Kickstarter Roundup

By April 6, 2012

Kickstarter is the new go-to if you want to crowdsource funding for a ridiculous gadget, an album of ambient new-age electronica, a videogame that hasn’t been written yet, or a genre-pushing documentary film. Sometimes it separates the wheat from the chaff; other times, less so.

Here are some Kickstarter projects we’re keeping an eye on.

Software: Privly

The team of PhD candidates behind Privly want a compromise between online privacy and social networking. The plugin it’s working on encrypts material you post online, but lets trusted friends decrypt it. The team frames the project politically, in light of social media’s role in recent uprisings.

“We love gmail, Facebook, Twitter, and every other communication medium, but we hate handing over rights to our most personal and important communications,” they wrote. “Privly is our solution for people who want to use the newest social networks, but still care about privacy. We also want to protect free-speech from regimes that are trying to limit the internet.”

Of course, if someone with the privileges to view your data copies the decrypted version, they could still share it – but why would you be friends with a backstabber like that, anyway?

$13,108/$10,000, 11 days to go


Comedian and game-maker Al Lowe churned out adventure games for Sierra during the heyday of point-and-click titles during the late 1980s and 1990s. He’s perhaps best known for the naughty Leisure Suit Larry franchise, which was much more clever and not nearly as raunchy as its detractors claimed, but to which the last 20 years of Hollywood sex comedies remains deeply indebted.

Lowe, who has been in retirement since 1998, has been tapped by Replay Games to oversee a remake of the original Leisure Suit Larry In The Land Of The Lounge Lizards for contemporary platforms. The team says they’ve already obtained the license for the titles, and rewards for certain funding benchmarks include appearing in the game as a non-player character.

$197,418/$500,000, 25 days to go

Cloud computing: Ninja Blocks

Google released a concept video this week for Project Glass, a wearable, glasses-like computing device that it hopes will converge handheld electronics and let users who want to wear an absurd headset carry fewer gadgets.

Working in completely the opposite direction is the team behind Ninja Blocks. The idea is to develop an open source hardware platform for rectangular gadgets – a sort of Lego Mindstorms for the cloud. The internet-enabled devices can issue alerts, collect data with built-in accelerometers and heat sensors, or control other hardware, using what the creators say will be a dirt-simple programming language.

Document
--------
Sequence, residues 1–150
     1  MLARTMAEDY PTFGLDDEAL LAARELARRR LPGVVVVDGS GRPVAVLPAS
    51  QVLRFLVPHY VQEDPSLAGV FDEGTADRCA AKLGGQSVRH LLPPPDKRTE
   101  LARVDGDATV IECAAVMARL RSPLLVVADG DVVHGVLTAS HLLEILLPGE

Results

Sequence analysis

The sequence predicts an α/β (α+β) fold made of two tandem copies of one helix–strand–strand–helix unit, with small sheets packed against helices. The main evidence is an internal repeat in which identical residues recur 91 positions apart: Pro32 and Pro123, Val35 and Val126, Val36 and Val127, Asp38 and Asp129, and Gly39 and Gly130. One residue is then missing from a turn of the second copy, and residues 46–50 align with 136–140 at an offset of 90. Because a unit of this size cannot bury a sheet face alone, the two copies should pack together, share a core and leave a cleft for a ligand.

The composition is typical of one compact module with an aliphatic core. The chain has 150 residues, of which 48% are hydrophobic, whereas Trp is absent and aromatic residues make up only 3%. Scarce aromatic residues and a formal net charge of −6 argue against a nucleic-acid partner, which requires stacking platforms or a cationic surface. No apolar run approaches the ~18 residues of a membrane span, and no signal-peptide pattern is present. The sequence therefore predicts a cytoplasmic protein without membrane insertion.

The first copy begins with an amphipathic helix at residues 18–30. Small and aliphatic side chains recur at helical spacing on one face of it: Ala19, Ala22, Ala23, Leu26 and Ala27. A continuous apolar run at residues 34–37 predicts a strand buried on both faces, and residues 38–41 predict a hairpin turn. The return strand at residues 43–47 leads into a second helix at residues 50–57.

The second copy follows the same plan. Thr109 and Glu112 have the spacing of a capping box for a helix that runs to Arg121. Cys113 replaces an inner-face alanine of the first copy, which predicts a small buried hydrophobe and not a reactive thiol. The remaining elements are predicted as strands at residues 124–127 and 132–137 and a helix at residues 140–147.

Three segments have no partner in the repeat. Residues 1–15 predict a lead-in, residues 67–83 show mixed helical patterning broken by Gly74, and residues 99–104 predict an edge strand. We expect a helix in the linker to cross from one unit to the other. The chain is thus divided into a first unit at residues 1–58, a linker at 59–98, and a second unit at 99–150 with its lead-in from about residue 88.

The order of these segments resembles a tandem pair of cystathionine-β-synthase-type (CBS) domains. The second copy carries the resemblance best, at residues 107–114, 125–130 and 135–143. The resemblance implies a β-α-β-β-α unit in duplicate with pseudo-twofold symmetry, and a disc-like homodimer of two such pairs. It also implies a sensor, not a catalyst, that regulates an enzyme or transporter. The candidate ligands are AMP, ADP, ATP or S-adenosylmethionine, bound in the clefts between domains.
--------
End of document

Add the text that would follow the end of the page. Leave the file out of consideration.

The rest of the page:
$102,935/$24,000, funding complete.

A similar, more robotics-oriented project called reaDIYmate is still seeking funding.

Film: 20 Years Of Madness

The premise of documentary 20 Years Of Madness is to reunite a team of Detroit amateur filmmakers who produced a public access television show during the 1990s to create a new episode. The question, according to the

“How will the skills learned in film school translate to the show’s guerilla filmmaking style?” they ask. “Can the new episode revive the community they used to share, or will this be the final show?

The Kickstarter page is replete with manic, seizure-inducing animated gifs. A wacky, nostalgic Terry Gilliam-inspired meta-film? How could I not watch it?

$275/$12,000; 29 days to go

Design: FACET Removable Vinyl Floor Tiles

The pitch video for FACET is either deeply ironic or disturbingly sincere. But the project, which takes the form of decorative vinyl floor coverings for the whimsical (or deadly serious) interior decorator to customize, can be used to create some fascinating, Escheresque patterns and illusions.

It’s also appealing because it looks simple, though I could imagine it being frustrating to apply.

“Please note that Facet is meant to be used as a decorative element, not to replacing flooring, address flooring problems or as slip prevention,” the page warns. “It is intended as a one time use product, not intended to be removed and reapplied.”

$1,735/$2,300, 31 days to go